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Determining a tree's value
By Dennis Tompkins
For The Courier-Herald
Trees have value. A large tree in a nice landscape may be worth thousands of dollars. This does not mean a homeowner could sell a tree for these prices, but there are situations where estimated values come into play.
Certified arborists are often asked to value trees that are involved in disputes, have been damaged by accidents or were intentionally cut or mutilated.
Two methods are used in valuing trees in a landscape situation: a replacement value or a “trunk formula” method. Timber values may be used in a true forest environment.
If a landscape tree is of replaceable size, a value can be estimated by nurseries that specialize in obtaining and planting appropriate sized trees. Conifers more than 25 feet tall have been successfully transplanted.
Trunk Formula Method:
When trees are too large to be replaced, arborists will use a “trunk formula” method whereby a tree’s value is based on its diameter, species, condition and location within a landscape.
To visualize the process, assume a tree in your yard is equivalent to a used car that is compared to a brand new car at the factory or a perfect tree in a highly maintained landscape. Such a “used tree” must be discounted to a value as it exists in its current environment.
The first step is to determine a “basic value” from a table of trunk areas based upon a tree’s diameter measured at 4.5 feet above the ground. This value is then adjusted according to tree species.
For example, northwest arborists have determined that a Douglas fir is worth 75 percent of the basic value compared to 40 percent for a black cottonwood. Species ratings are based upon a tree’s hardiness, ornamental features, structural stability, maintenance requirements and other factors.
A condition rating or discount is based upon close inspection of a tree’s roots, trunk, branches and foliage. A well maintained, healthy tree may be rated at 70 to 90 percent. One that has a multitude of problems may be rated at 40 percent or less.
The location adjustment considers the general site, placement and contribution of a tree to a landscape. A tree that is a focal point in a well-maintained neighborhood is worth more than a tree located in a more natural environment. A single specimen has a higher value than if located among a group of trees.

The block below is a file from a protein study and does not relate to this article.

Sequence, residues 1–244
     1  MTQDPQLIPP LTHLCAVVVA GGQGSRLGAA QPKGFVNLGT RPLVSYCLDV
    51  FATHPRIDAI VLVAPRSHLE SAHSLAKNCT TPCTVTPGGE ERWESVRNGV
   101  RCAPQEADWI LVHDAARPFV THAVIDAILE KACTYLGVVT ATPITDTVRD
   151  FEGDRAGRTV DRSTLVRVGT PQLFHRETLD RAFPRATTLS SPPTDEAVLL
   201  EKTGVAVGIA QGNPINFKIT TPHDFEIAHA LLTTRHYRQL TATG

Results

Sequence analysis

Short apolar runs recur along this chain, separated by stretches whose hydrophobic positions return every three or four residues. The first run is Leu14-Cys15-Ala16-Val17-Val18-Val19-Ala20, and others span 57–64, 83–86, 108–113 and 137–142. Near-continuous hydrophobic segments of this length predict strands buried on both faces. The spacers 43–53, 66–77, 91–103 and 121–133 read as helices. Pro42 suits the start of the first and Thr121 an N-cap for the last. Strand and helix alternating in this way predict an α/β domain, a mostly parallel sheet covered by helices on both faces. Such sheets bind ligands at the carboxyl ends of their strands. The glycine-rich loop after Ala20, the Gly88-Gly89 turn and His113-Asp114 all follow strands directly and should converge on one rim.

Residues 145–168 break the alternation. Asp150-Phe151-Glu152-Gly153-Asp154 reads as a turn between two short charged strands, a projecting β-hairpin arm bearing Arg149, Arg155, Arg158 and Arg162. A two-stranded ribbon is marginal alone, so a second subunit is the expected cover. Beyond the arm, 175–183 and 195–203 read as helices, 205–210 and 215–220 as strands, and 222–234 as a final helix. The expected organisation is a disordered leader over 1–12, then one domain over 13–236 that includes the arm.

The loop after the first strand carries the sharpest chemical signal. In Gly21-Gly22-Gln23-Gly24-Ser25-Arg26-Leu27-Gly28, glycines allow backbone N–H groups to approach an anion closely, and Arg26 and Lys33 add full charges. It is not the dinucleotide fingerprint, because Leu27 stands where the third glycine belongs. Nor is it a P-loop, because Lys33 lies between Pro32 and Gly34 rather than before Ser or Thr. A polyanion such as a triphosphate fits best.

Oftentimes the process is initiated by an attorney who calls and states that a client’s tree was cut or mutilated by a neighbor, construction crew or a tree service. The damage may involve a certain portion or an entire tree. The final value estimate will be based upon the percentage of a tree that was damaged.
A Douglas fir with a diameter of 18 inches that is in good condition, is located in a nice neighborhood and is important to the landscape may be valued at $5,000 or more. A 24-inch tree may increase to more than $9,000.
A low-growing but small-diameter Japanese lace leaf maple that is several years old, has many intricate twisted branches and is a prominent feature of a landscape may also be worth several thousand dollars.
There have been well publicized incidences where the removal of trees on public property in Seattle and the mutilation of dozens of trees in Lacey by a tree service have resulted in settlements of several thousand dollars by the responsible parties.
Should a landscape tree be cut?
Now, understanding that trees do have value, a homeowner may view a questionable tree from a different perspective.
Obviously, the answer depends upon several factors other than its potential landscape value. Safety is a prime concern. Any tree that has a potential manmade target and is in good condition will generally be safe for several years.
A tree that has some defect such as multiple tops, a crook in the trunk or visible decay ideally should be inspected by a professional. Certified arborists trained in hazard tree assessments are excellent sources for such evaluations.
Do note that it is important that a hazard tree assessment not be unduly influenced by someone who also is interested in selling tree removal services.
Dennis Tompkins is a certified arborist, certified hazard tree assessor and Master Gardener from the Bonney Lake-Sumner area. He provides small tree pruning, pest diagnosis, hazard tree evaluations, tree appraisals and other services for homeowners and businesses. Contact him at 253 863-7469 or email at firstname.lastname@example.org. Website: evergreenarborist.com.